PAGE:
As Chevrolet gears up to launch the diesel-burning Chevy Cruze TD in the U.S., engineers responsible for adapting the 2.0 liter turbo-diesel engine (LUZ) to U.S. specifications were tasked with testing and adjusting it in four primary areas, including emissions, diagnostics, outside environmental conditions, and altitude.
The resulting improvement for the US-spec Cruze TD include a new intake manifold and throttle body system along with an increased capacity exhaust gas recirculation (EGR) cooler that offers better emissions control. Other improvements involve the common rail piezo injection system, which runs at 1,600 bar (European runs at 2,000 bar), along with the addition of ceramic glow plugs (European customers get metal glow plugs). And for those really cold winter mornings, the Cruze TD offers an engine oil heater that can be plugged in.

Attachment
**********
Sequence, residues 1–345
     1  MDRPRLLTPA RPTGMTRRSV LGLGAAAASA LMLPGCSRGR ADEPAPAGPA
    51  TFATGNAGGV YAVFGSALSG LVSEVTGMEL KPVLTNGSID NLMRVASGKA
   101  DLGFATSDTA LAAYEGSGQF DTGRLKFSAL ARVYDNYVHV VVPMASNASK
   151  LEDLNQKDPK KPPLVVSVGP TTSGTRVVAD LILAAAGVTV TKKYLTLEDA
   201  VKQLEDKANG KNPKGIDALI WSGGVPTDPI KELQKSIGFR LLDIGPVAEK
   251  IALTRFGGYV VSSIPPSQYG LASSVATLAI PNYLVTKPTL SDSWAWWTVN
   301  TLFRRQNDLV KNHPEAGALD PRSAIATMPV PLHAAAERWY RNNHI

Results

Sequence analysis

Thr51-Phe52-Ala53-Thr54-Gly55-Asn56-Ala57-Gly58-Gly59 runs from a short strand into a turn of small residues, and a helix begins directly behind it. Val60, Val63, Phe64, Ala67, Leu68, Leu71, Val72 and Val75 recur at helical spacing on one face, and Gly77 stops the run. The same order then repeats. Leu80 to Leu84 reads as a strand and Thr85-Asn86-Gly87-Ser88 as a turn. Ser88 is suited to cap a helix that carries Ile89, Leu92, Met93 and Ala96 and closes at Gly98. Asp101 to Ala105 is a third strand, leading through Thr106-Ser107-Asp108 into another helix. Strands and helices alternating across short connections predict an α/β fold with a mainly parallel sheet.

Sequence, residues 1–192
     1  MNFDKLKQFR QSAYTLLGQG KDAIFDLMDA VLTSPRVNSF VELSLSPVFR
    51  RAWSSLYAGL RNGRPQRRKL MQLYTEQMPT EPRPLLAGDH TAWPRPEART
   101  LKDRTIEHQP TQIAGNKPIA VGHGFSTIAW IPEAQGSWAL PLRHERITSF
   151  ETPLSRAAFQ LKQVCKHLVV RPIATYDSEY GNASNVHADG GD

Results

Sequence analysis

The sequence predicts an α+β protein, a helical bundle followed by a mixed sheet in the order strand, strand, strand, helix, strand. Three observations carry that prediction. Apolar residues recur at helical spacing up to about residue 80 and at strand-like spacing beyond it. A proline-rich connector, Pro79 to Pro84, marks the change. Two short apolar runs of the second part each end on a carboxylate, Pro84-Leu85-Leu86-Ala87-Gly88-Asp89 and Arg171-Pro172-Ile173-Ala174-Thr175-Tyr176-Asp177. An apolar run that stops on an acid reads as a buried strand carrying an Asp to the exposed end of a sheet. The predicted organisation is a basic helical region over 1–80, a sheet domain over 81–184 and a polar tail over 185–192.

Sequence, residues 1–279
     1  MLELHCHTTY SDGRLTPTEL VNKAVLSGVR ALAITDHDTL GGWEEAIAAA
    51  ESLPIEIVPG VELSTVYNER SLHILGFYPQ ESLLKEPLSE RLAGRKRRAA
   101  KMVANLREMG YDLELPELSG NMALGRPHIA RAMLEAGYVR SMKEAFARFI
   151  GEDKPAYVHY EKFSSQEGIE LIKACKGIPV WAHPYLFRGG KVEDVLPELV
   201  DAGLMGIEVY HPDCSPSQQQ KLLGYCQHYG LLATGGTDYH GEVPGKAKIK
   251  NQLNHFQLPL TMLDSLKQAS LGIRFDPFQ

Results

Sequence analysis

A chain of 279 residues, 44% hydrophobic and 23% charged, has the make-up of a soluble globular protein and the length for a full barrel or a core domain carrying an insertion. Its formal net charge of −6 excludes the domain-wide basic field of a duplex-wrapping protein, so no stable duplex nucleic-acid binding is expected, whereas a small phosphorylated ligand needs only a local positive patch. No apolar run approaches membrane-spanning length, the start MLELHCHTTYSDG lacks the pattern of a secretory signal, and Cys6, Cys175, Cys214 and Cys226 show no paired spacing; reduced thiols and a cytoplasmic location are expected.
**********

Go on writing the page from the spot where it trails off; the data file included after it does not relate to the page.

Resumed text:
Unfortunately, all of these improvements to the North American version result in a decreased power output: the estimated pony count of the 2.0-liter diesel in the US is 148 horsepower, but its European
cousin brother makes 163.
As you might already know, the Cruze will be GM’s first passenger car to run on diesel since the Chevette did back in 1986… only that the Cruze is a far nicer car than the Chevette ever hoped to be.